Afternoon Stroll in Shinjuku

Home to both the busiest train station in the world and a great number of Tokyo’s tallest buildings, the idea of tackling the bustling streets of Shinjuku may be a daunting prospect to some. But those who do venture out and explore the abundant sights and spectacles on offer won’t be left disappointed. From parks to skyscrapers, 5-seater bars to Japan’s largest red light district, there is something to be enjoyed by everyone. One of the best ways to check out the different areas is on foot, so put the Pasmo card away, get the camera out and start walking.


To begin, leave the buzzing station behind and head to Shinjuku Gyoen, one of Tokyo’s largest and most popular parks. If you’re lucky enough to be visiting in spring, more than a dozen varieties of cherry blossom can be admired. The park is also a great spot in autumn, for seeing the various reds, browns and oranges before the trees retire into winter. Divided into a Japanese landscape garden, a formal French garden and an English landscape garden, there is a staggering number of contrasting flowers and scenery to appreciate.

View of Godzilla

Next, leave the park via the Shinjuku gate and walk on towards Kabukicho. For any shopaholics, a stop can be made at Isetan department store, or BIC Camera for technology lovers. While Kabukicho (Japan’s largest red light district) is much more lively at night, there are plenty of sights to enjoy during the daytime, such as the Hanazono Shrine, Godzilla atop the Toho building and glimpses of towering skyscrapers through gaps in the streets. If possible, be sure to visit again after sunset when the hobbit-sized bars and concealed alleyways in the Golden Gai area come to life.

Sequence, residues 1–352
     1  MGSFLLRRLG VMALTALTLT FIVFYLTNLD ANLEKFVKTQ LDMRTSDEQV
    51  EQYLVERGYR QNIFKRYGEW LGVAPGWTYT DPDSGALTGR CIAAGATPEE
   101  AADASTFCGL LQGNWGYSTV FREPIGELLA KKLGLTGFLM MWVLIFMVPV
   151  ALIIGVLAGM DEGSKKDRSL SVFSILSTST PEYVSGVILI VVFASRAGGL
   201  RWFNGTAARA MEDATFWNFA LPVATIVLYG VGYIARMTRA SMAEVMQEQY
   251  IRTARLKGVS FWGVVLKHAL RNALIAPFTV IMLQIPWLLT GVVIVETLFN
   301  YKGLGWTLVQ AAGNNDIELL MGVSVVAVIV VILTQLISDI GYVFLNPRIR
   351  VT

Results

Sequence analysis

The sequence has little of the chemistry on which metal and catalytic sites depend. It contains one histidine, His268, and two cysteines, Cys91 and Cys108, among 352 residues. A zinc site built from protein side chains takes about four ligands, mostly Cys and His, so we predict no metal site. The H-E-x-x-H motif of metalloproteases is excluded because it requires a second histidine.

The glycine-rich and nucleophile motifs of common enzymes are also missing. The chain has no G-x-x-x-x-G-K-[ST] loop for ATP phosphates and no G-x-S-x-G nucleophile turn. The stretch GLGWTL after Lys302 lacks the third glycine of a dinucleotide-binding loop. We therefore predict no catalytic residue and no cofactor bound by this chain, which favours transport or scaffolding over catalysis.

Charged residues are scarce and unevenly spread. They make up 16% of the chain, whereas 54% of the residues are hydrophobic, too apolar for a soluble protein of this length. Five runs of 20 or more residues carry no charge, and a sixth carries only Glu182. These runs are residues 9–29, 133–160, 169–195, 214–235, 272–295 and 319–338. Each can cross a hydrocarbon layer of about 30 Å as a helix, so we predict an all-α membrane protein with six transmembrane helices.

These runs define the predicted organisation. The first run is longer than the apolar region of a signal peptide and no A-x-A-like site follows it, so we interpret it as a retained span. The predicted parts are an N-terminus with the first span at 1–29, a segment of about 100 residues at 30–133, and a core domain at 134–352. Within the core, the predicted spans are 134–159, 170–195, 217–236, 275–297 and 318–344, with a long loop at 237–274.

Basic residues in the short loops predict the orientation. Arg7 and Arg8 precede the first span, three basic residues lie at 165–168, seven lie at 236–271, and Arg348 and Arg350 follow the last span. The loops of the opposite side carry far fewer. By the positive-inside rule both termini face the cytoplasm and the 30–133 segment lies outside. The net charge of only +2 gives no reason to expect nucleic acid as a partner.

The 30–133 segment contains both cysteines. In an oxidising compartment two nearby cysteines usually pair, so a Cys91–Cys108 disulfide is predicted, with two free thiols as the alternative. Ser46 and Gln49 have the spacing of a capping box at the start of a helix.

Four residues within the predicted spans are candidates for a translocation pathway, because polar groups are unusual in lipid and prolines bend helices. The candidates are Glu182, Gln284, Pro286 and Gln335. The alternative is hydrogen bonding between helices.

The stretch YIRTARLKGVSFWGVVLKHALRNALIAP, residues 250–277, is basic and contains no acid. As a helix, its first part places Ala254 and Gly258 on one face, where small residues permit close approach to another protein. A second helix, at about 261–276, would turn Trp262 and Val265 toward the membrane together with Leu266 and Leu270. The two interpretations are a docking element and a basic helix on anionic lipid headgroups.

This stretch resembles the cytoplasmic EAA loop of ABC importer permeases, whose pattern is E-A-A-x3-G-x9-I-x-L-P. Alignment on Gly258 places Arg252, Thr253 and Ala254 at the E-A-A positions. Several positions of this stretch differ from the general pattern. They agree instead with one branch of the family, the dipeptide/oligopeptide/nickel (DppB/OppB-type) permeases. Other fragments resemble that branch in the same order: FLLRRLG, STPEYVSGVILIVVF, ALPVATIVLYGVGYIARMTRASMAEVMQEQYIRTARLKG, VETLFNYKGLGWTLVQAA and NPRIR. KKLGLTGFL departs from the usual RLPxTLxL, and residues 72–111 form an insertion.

Omoide Yokocho

From there, head under the train tracks towards a hidden network of narrow lanes known as Omoide Yokocho. While the literal translation is ‘Memory Lane’, it actually usually goes by the less pleasant nickname of ‘Piss Alley’. Don’t be deterred however, as these lanes are jam-packed with tiny eateries and local watering holes.

Gvt Building

After a refuel, head west and be sure to snap the view from the pedestrian bridge looking back towards the station. From there, walk south-west towards Tocho-Mae station, enjoying the growing skyscraper spectacle overhead. The Metropolitan Government Building should be within sight at this point, and a trip to the top costs nothing, so is well worth the walk. If timed just right and the weather conditions allow, sunset can be admired from the 42nd floor overlooking the vast Tokyo landscape. Considering that the view costs nothing, the towers are relatively uncrowded. Nevertheless, turns at the window might have to be taken when trying to capture the perfect photo as the sun goes down. If you’re willing to loosen your purse strings a little, there is a bar at the top in which there are often musical performances to enjoy, letting you unwind after a long day.

View from Gvt Building

View from Gvt Building 2

As the daylight fades to darkness, the nighttime brings with it a whole new atmosphere in Shinjuku. So if there is any energy remaining in those feet, retrace your steps back to Golden Gai and enjoy a drink or two whilst looking back through the photos of the day.

View from Gvt Building Night

View from Gvt Building Night 2

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